When AIADMK headquarters was sealed twice in the past

The sealing took place on January 31, 1988 and on August 12, 1990

July 13, 2022 03:47 am | Updated 06:05 pm IST - CHENNAI

Sealed gate AIADMK Headquarters.

Sealed gate AIADMK Headquarters. | Photo Credit: Special Arrangement

The adage — history repeats itself — seems to have more relevance in respect of the AIADMK than other parties. This has been demonstrated through the sealing of MGR Maaligai, the AIADMK headquarters, on Avvai Shanmugam Salai at Royapettah in Chennai on Monday. 

After 32 years, the property, measuring 10 grounds, was sealed yet again.  It is for the third time in the history of the party, which is in its golden jubilee year, that the headquarters has suffered the treatment.  

The first time the headquarters was sealed on January 31, 1988, following the split in the AIADMK after the death of party founder M.G. Ramachandran the previous month. There were two factions: one led by his widow Janaki Ramachandran, who succeeded MGR as the Chief Minister, and the other led by Jayalalithaa, who became the Chief Minister for the first time in June 1991.  It was the former who bought the property in 1957 and donated it to her husband in July 1987.  “Ever since the AIADMK was formed in October 1972, the property has been its headquarters,” points out K. Subramanian, former Advocate-General, who served as counsel for Jayalalithaa on both occasions. 

W.I. Davaram, the Chennai Police Commissioner in January 1988, told the press then that the authorities had taken over the building because of a dispute between the two factions.  What was significant was that the property was sealed in about 15 hours of the dismissal of the Ministry headed by Janaki Ramachandran and imposition of the President’s rule in the State. 

The matter went to the Madras High Court and then to the Supreme Court.  In May 1988, the Supreme Court ordered that Janaki Ramachandran hold possession of the headquarters as the “receiver” for two months, during which the Additional District Magistrate had to dispose of the matter.  It also set aside the order issued by the High Court in March 1988, quashing the proceedings before the Magistrate. Further, the Supreme Court held unsustainable the ex parte temporary injunction of the High Court in April that year, restraining the Jayalalithaa group from interfering with the possession of the headquarters. 

Two months later (July 1988), the Additional District Magistrate directed Janaki Ramachandran to hand over possession of the party office to the Jayalalithaa faction, an order she complied with. On January 31, 1989, the High Court, while allowing a revision petition filed by Janaki Ramachandran, quashed the Additional District Magistrate’s order. A week later, this was stayed by the Supreme Court.  Around the same time, certain political events took place, leading to the merger of the two factions. It was in late January that the results of the Assembly election came out and the AIADMK faction, led by the MGR’s widow, fared badly. On February 10, 1989, the two factions formally came together and Jayalalithaa became the general secretary of the unified party.  As a result, the headquarters remained under her control.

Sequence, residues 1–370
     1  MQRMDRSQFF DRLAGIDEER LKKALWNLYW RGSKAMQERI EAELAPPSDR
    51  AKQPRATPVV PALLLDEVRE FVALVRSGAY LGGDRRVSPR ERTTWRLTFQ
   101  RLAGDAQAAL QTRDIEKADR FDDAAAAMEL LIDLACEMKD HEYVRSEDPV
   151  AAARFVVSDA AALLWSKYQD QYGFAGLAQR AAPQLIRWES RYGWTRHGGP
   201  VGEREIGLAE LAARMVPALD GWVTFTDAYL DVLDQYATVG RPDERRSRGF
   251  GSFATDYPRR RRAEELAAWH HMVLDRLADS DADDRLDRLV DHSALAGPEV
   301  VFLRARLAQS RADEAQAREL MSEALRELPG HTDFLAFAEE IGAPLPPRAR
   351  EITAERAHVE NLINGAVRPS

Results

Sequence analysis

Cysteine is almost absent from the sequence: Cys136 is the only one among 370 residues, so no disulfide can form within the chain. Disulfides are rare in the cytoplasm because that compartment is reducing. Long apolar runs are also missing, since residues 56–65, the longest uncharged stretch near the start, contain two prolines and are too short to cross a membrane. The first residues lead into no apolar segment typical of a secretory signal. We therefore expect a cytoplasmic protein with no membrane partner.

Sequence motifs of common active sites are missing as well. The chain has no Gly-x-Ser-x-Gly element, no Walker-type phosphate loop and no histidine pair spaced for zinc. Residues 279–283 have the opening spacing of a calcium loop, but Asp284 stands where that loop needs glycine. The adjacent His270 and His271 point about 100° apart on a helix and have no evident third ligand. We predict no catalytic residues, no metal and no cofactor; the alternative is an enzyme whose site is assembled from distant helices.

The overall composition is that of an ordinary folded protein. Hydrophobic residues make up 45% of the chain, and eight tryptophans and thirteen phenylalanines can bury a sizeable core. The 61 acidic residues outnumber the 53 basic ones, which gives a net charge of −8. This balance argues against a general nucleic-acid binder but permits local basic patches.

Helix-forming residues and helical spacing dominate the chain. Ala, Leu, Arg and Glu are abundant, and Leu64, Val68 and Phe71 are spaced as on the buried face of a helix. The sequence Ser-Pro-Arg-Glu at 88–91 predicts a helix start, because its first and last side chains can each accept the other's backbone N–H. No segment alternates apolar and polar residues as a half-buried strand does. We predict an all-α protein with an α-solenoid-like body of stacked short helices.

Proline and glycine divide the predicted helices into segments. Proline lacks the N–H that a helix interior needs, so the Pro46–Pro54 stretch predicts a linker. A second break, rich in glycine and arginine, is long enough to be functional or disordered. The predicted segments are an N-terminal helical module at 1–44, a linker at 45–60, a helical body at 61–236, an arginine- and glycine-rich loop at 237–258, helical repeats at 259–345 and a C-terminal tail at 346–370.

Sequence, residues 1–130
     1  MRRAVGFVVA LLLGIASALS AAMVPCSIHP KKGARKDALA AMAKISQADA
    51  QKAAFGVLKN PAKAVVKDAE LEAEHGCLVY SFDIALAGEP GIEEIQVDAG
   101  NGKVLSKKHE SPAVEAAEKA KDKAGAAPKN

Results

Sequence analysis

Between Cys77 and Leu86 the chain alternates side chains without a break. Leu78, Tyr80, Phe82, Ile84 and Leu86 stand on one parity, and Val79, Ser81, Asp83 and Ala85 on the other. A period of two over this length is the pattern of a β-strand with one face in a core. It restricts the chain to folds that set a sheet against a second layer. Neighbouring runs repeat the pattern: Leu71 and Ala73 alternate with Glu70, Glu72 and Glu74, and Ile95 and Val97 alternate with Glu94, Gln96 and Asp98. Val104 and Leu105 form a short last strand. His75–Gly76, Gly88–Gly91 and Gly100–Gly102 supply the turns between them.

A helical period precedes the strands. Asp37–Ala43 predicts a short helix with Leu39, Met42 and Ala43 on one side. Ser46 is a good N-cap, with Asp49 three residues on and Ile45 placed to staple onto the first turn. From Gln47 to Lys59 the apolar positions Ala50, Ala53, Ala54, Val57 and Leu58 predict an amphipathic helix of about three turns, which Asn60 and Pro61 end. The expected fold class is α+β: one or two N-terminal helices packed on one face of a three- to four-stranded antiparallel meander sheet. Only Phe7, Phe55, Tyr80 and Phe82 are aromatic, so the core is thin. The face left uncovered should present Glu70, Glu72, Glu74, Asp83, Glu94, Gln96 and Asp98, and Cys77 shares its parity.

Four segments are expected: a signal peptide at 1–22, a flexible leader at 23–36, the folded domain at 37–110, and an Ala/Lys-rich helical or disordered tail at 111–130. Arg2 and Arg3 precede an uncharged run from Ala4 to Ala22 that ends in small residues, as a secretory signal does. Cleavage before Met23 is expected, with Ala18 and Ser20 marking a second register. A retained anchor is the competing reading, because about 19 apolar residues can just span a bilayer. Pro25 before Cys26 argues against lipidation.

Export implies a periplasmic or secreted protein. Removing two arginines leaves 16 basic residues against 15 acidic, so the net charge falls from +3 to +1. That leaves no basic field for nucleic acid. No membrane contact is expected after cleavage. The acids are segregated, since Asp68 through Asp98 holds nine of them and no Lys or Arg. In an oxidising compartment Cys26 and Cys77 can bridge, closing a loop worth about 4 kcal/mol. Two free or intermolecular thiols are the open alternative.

The second time the headquarters was sealed was on August 12, 1990, when a rebel group, led by S. Thirunavukkarasar (now in the Congress and Tiruchi MP), went into the premises and was chased out by a group of party members owing allegiance to Jayalalithaa. A clash ensued, leading to the locking up of the premises. At that time, the controversy broke out over who locked the headquarters — the police or revenue officials. The then Chennai Police Commissioner, K.K. Rajasekharan Nair, asserted the police had not done the sealing.

As the Supreme Court was seized of the matter, the possession of the party remained with the executive magistrate for nearly four months. It was in December 1990 that the court restored the headquarters to the party and permitted Mr. Subramanian, counsel for Jayalalithaa, to collect the keys from the magistrate.  “On December 19, 1990, I handed over the keys to Jayalalithaa in Bengaluru where she was resting,” recalls Mr. Subramanian. 

Talking of the significance of Section 145 [which is invoked at the time of sealing any property] of the Code of Criminal Procedure (procedure where dispute over land or water is likely to cause breach of peace), Mr. Subramanian says the scope of the order passed by the Executive Magistrate under the Section will be only in relation to the person who is in actual physical possession of the property on the date of preliminary order.  The very nature of the proceedings under the Section is only temporary.  The right to possession will be decided by a civil court, he adds. 

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